Why older people are drawn to worship

Many years ago, when I was in my 20s, I had the opportunity to travel with a student group in Europe.

On that first trip, I attended worship services in many of the famous cathedrals and noted that the small number of people present were usually quite elderly. I remember wondering how many years would pass before these churches would be completely empty.

For many years after that first trip, my wife and I were blessed with the opportunity through Franklin College to continue taking students to Europe. On every trip, I would attend worship services in these same houses of worship and notice the same phenomenon. The worshippers might have been small in number and elderly, but they were always there.

I realized over time that these churches would not close as I had feared; rather, every generation of elderly worshippers was being replaced by a new generation of seniors. Something was clearly drawing older people back into houses of worship, but what the attraction was eluded me.

Now that I am entering that older age group myself, I have a better understanding of why seniors find their way back to houses of worship.

One factor is likely that many older folk, looking back over a long life, realize how much they have to be thankful for. A friend of ours, only middle-aged himself, responds to the everyday question “How are you?” with this insightful comment— “Better than I deserve.”

Many older folk could agree with that response. Their lives have not always been easy, and most of them have known tragedy, but they also know that they have much for which to be grateful. There have been unexpected blessings.

They can also remember troubling situations that could easily have descended into tragedies but didn’t.

A house of worship is one of the few places where we can sit in the quiet and thank the God who has given us our lives for our lives.

Of course, there is a flip side to gratitude, and that is worry. Those who are older look at the numerous issues facing their families, their communities, their nation and their world and wonder if such massive brokenness can ever be healed. As their ancestors did, many who are older feel guilty for passing on to their children and grandchildren a world beset with so many problems. They want to hand over a world more compassionate and just, but that is not the world they are leaving behind.

Once again, a house of worship is one of the few places where people can kneel or bow their heads and share the weight of those burdens with God. Many attest to often coming into worship feeling hopeless only to experience what seems a great mystery or miracle. Although they cannot explain what happens, they leave worship with renewed hope and added strength to meet the needs of others.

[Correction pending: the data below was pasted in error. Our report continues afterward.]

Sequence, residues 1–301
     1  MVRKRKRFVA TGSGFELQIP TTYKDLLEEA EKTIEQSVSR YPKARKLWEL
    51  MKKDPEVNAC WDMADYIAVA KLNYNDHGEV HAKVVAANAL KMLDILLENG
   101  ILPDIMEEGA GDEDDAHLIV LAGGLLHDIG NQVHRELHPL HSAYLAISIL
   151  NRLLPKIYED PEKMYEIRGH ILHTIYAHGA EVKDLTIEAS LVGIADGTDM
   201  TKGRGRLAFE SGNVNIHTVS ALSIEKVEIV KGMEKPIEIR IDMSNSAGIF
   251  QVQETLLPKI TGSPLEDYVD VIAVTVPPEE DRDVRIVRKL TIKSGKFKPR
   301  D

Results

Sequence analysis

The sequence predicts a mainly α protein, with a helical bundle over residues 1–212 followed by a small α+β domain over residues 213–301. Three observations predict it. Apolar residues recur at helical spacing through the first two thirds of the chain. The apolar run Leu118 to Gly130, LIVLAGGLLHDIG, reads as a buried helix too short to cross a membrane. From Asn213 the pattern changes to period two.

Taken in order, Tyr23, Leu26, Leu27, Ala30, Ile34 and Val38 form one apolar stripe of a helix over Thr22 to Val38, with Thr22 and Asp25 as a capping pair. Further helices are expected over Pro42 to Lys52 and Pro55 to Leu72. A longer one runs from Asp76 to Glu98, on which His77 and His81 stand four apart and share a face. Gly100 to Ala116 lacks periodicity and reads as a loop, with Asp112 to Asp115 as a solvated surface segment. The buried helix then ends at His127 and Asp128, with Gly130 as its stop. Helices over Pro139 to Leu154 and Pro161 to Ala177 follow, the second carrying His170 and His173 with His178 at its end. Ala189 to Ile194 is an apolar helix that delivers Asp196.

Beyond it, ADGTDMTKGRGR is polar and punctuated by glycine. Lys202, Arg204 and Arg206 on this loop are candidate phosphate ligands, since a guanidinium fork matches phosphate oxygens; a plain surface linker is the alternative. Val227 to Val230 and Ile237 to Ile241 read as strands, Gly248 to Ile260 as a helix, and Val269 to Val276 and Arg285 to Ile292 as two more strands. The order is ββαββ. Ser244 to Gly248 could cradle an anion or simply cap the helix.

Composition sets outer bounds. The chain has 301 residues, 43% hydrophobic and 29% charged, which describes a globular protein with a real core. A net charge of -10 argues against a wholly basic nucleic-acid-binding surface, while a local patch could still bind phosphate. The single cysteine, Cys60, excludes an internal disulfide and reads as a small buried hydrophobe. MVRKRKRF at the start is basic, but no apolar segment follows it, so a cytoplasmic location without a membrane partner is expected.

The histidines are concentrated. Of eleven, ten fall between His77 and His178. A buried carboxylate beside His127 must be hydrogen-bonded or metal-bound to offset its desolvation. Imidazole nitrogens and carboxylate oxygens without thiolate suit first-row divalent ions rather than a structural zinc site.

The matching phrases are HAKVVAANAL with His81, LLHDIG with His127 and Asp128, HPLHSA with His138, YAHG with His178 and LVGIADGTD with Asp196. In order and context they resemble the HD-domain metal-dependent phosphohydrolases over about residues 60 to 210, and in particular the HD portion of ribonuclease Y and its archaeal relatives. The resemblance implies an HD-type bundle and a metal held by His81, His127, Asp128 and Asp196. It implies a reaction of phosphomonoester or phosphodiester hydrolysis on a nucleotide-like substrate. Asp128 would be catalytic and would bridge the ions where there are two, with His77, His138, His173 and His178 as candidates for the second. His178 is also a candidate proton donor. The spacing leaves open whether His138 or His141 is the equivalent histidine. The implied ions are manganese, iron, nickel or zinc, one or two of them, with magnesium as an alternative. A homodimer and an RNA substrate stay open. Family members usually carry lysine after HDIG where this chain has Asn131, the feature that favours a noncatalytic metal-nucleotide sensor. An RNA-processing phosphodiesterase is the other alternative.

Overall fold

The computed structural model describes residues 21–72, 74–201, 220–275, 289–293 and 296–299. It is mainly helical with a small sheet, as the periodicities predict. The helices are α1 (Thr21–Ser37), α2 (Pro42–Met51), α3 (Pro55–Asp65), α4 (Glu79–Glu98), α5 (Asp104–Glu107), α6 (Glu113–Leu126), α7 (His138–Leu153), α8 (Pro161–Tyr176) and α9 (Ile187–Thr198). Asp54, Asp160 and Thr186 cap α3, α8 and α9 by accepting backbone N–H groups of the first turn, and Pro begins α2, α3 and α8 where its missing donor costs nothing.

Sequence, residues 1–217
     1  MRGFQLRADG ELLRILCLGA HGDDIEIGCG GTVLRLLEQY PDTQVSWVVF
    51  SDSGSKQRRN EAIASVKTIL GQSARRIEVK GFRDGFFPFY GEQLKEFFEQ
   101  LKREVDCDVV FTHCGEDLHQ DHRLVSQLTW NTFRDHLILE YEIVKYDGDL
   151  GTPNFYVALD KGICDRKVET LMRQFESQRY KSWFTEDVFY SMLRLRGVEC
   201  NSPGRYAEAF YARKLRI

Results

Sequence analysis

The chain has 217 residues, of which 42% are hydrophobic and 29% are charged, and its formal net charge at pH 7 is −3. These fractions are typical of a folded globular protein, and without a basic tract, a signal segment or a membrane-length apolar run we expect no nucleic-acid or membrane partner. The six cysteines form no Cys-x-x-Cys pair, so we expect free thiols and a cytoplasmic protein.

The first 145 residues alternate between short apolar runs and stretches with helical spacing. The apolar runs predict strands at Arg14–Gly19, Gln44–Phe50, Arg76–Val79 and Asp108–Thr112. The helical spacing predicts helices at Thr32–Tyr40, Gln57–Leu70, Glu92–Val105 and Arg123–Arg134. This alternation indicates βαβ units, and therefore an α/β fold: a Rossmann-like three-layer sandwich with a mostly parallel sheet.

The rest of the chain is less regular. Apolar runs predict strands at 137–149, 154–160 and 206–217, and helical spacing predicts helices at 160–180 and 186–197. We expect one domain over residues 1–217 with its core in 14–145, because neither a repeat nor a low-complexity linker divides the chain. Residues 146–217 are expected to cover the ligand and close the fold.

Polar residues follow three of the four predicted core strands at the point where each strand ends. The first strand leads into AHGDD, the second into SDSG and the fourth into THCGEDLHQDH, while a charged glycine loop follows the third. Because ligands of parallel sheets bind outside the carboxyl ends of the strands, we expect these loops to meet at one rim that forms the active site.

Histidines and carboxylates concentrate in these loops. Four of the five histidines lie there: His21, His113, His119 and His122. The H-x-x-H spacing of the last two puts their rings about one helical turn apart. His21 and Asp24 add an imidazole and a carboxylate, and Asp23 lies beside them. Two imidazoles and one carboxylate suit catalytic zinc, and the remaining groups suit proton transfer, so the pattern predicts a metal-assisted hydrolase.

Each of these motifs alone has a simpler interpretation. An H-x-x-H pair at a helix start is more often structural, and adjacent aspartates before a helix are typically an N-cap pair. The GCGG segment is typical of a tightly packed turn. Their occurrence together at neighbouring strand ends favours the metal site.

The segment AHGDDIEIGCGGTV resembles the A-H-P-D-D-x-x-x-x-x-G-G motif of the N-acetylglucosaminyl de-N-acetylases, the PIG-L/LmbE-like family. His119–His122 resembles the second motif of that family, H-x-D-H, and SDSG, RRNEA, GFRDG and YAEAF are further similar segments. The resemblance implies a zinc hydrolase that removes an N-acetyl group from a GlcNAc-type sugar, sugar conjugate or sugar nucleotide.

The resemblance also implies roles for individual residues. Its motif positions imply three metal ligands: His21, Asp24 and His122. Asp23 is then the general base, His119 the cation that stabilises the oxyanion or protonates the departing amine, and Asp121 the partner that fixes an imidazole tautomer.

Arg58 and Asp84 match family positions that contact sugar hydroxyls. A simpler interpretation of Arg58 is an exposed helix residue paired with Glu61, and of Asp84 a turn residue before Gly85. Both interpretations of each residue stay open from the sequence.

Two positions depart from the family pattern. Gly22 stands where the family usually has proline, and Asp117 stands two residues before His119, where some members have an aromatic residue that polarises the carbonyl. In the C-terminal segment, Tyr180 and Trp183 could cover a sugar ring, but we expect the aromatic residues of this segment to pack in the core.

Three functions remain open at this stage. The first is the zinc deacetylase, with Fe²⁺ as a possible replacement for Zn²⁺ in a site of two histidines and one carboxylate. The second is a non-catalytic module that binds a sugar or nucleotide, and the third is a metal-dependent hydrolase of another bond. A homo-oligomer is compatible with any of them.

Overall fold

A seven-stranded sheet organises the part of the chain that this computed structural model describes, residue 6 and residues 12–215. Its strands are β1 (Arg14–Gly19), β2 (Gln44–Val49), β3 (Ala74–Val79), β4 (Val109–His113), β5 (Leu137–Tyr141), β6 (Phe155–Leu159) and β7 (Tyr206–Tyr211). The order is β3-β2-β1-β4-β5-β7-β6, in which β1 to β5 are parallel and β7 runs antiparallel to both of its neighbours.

The older I become, the more I feel that there is yet another reason why people of my age group worship. I was taught from an early age to pray to God, and in seminary and graduate school, I learned that God does not need our prayers. It is we who need to pray to God.

Over the past 10 years, I have rethought this view of God. Perhaps it is one of the gifts of aging that I now believe that we can not only pray to God but pray for God. In the quiet of houses dedicated to God, we who are older find it easy to empathize with a God who loves us beyond what we can imagine and only asks one thing in return — that we love God by caring for one another.

But caring for one another is what we as humans rarely do. We who are old enough to have lived through the 20th century know the terrible damage that we humans have unleashed on the world. And so we who are older can share God’s sorrow for the stubborn “No” that humanity tends to give to the ancient question “Am I my brother or sister’s keeper?”

Being God over this unruly planet cannot be easy, and so we who are older pray for God to have patience with us wayward children, even as we had to learn patience with our own children. Secondly, we who are older pray for God to help us accept the opportunity that humans have, for the first time in human history, to feed and care for every person on earth.

But most of all, those of us who are older pray for God not to give up on us, especially in believing that we can change. We are slow learners, but the patience and love of God are proven by one undeniable fact — that God provides chances for all of us every day to become the persons we were created to be.